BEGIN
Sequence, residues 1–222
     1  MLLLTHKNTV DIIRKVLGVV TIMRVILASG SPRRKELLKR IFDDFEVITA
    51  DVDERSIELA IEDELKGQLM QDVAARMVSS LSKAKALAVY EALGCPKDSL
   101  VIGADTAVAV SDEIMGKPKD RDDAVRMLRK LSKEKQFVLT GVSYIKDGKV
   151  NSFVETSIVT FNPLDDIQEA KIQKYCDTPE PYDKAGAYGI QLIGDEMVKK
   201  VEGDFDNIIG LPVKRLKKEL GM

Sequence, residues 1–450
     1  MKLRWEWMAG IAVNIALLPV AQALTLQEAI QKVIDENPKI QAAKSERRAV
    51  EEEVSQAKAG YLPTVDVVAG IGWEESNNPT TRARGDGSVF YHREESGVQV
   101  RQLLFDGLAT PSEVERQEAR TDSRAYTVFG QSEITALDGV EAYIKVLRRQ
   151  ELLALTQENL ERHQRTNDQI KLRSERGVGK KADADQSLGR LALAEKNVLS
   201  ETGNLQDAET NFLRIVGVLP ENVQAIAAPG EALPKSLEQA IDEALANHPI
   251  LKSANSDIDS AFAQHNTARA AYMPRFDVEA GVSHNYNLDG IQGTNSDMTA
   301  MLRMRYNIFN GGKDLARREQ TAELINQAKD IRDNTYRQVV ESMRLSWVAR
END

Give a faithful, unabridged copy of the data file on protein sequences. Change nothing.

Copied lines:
Sequence, residues 1–222
     1  MLLLTHKNTV DIIRKVLGVV TIMRVILASG SPRRKELLKR IFDDFEVITA
    51  DVDERSIELA IEDELKGQLM QDVAARMVSS LSKAKALAVY EALGCPKDSL
   101  VIGADTAVAV SDEIMGKPKD RDDAVRMLRK LSKEKQFVLT GVSYIKDGKV
   151  NSFVETSIVT FNPLDDIQEA KIQKYCDTPE PYDKAGAYGI QLIGDEMVKK
   201  VEGDFDNIIG LPVKRLKKEL GM

Sequence, residues 1–450
     1  MKLRWEWMAG IAVNIALLPV AQALTLQEAI QKVIDENPKI QAAKSERRAV
    51  EEEVSQAKAG YLPTVDVVAG IGWEESNNPT TRARGDGSVF YHREESGVQV
   101  RQLLFDGLAT PSEVERQEAR TDSRAYTVFG QSEITALDGV EAYIKVLRRQ
   151  ELLALTQENL ERHQRTNDQI KLRSERGVGK KADADQSLGR LALAEKNVLS
   201  ETGNLQDAET NFLRIVGVLP ENVQAIAAPG EALPKSLEQA IDEALANHPI
   251  LKSANSDIDS AFAQHNTARA AYMPRFDVEA GVSHNYNLDG IQGTNSDMTA
   301  MLRMRYNIFN GGKDLARREQ TAELINQAKD IRDNTYRQVV ESMRLSWVAR